A Teacher Trainer Shares their Experience

By Gavin Molloy

I was in a school yesterday to advise on a whole-school re-imagining of the IT setup. They have a new school build that will open its doors in September 2018 and are looking to start with solid foundations for ICT that they can build upon to facilitate 21st Century Learning in the years to come. Like most schools considering the ICT journey, it can seem a little overwhelming…perhaps even more so for this school as they are looking at whole-sale changes across the board!

I was asked a question that I get asked in the vast majority of schools I go to, whether it’s the 100 schools I helped develop ICT plans and train teachers in across south London, or the 40+ schools I have worked with in Dublin and surround counties – and that question is ‘what’s the best device to purchase for students?’ It’s a very common question, so much so that I even find myself answering it sometimes – but the reality is no one can answer this properly without knowing a little more about the school.

The conversation quickly gravitated toward iPads – but should it be iPads for schools, tablets for schools, Chromebooks for schools or Windows laptops for schools? Once again, there is no simple answer here, not without knowing more about the school. The starting point in the conversation always needs to be about teaching and learning. What do you want to achieve with the devices? What learning areas particularly interest your teachers? What device facilitates this learning in the best way while simultaneously fitting other needs such as budget?

There is a reason why iPads for schools is a popular option, particularly in primary school, and I can give that answer in two words – they work! Many teachers think of students using technology and they think of problems with logging in, computers updating during lessons, computers not turning on or taking an eternity to turn on, computers turning off during lessons – these headaches are not just headaches of yore, they still exist.  They don’t, however, exist with iPads. iPads turn on in seconds, the battery lasts all day and pretty much everything you ask it to do will be instantaneous and trouble free. So are iPads the best option for schools? They are in many schools for a good reason. However, what if your school wants to focus on typing skills and traditional computer skills (which aren’t going away any time soon!) like being able to save and retrieve a file. Windows laptops will facilitate all traditional learning while also providing video and sound editing, coding and more. But if they aren’t treated exceptionally well and they aren’t high spec then they are likely to regress back to headaches of yore pretty quickly. Maybe you can’t afford Windows laptops, you want something reliable and you really only want to focus on computer skills, browsing and document creation – then maybe Chromebooks are for you.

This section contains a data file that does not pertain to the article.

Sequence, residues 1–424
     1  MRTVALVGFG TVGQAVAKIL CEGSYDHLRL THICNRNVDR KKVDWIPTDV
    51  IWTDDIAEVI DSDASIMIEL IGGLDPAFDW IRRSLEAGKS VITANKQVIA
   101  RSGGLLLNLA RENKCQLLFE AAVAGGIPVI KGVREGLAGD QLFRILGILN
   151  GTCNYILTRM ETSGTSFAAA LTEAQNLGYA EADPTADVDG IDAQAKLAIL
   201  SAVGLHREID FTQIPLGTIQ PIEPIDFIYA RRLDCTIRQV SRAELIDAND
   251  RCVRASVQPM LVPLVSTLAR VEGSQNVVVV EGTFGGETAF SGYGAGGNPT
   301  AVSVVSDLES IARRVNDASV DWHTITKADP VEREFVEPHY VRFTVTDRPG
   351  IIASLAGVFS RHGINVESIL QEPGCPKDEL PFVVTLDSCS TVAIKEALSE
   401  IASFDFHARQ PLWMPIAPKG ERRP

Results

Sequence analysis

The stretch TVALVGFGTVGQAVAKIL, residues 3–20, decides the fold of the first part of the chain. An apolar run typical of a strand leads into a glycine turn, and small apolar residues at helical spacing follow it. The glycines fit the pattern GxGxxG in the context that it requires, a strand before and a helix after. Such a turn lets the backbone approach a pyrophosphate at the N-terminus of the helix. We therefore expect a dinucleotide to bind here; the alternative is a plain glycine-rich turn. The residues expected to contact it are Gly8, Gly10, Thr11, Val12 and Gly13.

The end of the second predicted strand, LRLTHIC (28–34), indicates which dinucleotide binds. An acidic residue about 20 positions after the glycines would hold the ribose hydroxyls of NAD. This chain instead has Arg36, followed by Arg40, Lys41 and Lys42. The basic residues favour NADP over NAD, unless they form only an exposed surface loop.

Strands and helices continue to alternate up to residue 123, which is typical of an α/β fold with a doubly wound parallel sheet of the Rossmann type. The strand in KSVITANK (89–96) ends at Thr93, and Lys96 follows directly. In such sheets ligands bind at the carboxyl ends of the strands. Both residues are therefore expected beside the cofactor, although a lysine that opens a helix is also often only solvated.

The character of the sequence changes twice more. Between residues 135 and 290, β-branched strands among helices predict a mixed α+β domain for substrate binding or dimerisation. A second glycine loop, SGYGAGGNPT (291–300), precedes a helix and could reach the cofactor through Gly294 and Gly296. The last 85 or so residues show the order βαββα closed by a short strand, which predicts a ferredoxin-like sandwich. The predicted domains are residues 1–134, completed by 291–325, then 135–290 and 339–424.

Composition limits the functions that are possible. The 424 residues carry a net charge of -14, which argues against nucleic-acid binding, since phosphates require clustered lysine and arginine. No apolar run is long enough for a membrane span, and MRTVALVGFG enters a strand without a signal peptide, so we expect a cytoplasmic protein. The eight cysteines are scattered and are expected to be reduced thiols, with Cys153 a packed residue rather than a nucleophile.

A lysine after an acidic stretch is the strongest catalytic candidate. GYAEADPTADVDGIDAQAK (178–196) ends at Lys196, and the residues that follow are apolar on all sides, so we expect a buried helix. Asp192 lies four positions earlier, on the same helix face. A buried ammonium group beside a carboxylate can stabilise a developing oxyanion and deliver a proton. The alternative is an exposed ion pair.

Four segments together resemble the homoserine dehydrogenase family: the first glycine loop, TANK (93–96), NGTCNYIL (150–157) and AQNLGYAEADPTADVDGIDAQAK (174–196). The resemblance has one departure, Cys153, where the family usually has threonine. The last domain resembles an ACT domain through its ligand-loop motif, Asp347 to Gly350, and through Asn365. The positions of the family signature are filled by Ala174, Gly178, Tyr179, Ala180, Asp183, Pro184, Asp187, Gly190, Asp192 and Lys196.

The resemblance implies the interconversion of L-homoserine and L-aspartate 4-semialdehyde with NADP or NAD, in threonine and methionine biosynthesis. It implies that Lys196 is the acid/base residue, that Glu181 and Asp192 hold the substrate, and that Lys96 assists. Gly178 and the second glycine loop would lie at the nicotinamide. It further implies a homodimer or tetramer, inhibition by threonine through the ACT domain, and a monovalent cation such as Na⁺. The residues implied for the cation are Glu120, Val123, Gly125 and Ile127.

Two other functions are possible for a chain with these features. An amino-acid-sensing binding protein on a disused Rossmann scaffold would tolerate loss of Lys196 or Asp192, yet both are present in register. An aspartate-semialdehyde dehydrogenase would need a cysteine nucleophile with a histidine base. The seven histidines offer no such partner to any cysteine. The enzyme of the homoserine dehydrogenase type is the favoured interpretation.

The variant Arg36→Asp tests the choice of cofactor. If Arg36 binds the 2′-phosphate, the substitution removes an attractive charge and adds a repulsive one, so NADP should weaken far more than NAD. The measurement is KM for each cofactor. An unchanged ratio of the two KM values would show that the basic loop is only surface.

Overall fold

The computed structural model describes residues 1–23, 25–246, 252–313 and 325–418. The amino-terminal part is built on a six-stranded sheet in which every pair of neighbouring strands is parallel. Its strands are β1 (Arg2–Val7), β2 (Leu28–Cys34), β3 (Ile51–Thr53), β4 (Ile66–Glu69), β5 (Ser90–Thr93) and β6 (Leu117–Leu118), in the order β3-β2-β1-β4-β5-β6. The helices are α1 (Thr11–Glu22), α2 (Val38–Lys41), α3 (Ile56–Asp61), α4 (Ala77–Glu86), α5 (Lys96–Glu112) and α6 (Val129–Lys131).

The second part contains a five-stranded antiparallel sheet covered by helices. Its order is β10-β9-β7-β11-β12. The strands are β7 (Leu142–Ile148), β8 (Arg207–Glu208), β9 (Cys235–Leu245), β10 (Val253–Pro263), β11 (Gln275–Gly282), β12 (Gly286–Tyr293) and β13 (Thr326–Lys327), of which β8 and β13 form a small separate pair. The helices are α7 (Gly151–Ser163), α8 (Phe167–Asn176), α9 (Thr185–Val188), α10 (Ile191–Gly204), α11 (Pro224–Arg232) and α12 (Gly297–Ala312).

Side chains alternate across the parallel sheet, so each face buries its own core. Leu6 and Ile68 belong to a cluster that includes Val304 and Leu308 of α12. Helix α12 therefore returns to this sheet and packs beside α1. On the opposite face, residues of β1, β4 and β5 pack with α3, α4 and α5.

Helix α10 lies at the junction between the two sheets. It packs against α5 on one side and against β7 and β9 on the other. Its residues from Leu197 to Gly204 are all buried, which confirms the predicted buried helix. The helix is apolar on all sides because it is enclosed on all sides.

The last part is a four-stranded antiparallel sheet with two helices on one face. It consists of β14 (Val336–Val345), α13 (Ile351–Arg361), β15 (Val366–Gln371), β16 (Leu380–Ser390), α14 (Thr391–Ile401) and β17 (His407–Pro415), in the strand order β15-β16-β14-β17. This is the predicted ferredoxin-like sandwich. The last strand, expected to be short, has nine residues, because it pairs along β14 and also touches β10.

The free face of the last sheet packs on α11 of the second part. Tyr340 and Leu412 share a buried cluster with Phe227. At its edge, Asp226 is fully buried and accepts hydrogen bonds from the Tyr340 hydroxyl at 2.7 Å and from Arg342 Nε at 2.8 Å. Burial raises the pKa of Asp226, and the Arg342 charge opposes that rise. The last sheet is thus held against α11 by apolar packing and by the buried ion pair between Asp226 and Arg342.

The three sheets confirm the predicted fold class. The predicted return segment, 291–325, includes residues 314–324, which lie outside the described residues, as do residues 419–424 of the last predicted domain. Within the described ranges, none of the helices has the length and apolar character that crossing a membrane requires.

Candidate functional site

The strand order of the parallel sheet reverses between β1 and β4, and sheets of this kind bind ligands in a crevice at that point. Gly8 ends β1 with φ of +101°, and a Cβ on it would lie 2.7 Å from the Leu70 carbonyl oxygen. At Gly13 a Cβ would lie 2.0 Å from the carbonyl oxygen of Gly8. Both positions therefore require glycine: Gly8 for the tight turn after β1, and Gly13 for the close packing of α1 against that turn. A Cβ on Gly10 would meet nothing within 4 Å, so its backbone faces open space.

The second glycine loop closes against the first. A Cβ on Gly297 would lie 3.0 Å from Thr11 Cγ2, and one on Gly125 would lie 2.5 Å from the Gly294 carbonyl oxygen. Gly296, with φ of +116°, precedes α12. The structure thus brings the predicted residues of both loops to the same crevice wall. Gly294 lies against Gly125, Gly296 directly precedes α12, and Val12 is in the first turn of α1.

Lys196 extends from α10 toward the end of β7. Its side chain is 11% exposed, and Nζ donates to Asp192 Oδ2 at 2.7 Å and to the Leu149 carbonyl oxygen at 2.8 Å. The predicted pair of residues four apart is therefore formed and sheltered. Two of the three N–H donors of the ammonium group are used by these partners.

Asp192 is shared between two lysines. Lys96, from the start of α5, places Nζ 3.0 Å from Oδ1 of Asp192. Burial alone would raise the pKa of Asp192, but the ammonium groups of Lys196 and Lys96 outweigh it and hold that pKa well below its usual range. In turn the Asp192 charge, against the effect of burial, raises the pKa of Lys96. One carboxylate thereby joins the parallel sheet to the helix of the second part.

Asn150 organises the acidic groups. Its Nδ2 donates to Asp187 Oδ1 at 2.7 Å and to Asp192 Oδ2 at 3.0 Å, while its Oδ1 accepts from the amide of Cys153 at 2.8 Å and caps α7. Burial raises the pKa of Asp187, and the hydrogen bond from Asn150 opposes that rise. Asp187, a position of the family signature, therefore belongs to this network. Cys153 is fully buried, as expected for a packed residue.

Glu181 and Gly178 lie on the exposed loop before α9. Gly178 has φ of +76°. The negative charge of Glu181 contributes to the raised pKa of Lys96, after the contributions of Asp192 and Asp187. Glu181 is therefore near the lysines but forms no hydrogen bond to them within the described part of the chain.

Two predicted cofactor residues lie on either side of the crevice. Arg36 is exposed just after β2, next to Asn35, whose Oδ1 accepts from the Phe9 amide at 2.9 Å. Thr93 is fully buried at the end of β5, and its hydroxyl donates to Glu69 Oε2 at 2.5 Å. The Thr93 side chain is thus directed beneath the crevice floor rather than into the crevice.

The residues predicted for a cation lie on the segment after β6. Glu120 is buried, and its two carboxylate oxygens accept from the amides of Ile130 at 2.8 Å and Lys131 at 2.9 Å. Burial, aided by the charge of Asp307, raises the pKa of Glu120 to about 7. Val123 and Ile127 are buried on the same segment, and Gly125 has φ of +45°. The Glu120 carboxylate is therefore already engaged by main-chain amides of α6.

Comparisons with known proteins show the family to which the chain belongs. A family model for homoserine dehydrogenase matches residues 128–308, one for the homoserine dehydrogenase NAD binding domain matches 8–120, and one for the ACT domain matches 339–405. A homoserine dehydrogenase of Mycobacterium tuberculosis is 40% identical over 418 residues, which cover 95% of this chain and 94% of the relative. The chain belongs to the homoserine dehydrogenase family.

With the school that I am helping to re-imagine their ICT setup (mentioned above) we have immediately removed all this noise and confusion from the process – and as soon as we got to this point of the conversation the smiles crept slowly across staff faces. The reason is because the support method we are going to use works – it has worked in over 100 schools to date and continues to work in them. We are going to start with a strategy meeting in January. At this meeting we will review what the school has achieved to date, what their ambitions, what is working well in other schools and we will start to create a draft plan. This plan will ultimately be contributed to by the English and Maths post holders (as well as others) as we build a plan that will drive teaching and learning in innovative new ways in their new school. As this conversation develops, and as we progress through teacher training and strategy meetings the school will begin to develop a clear picture of what hardware they want at the school – because they have dug deep into their own priorities, and that’s where the answer lies.

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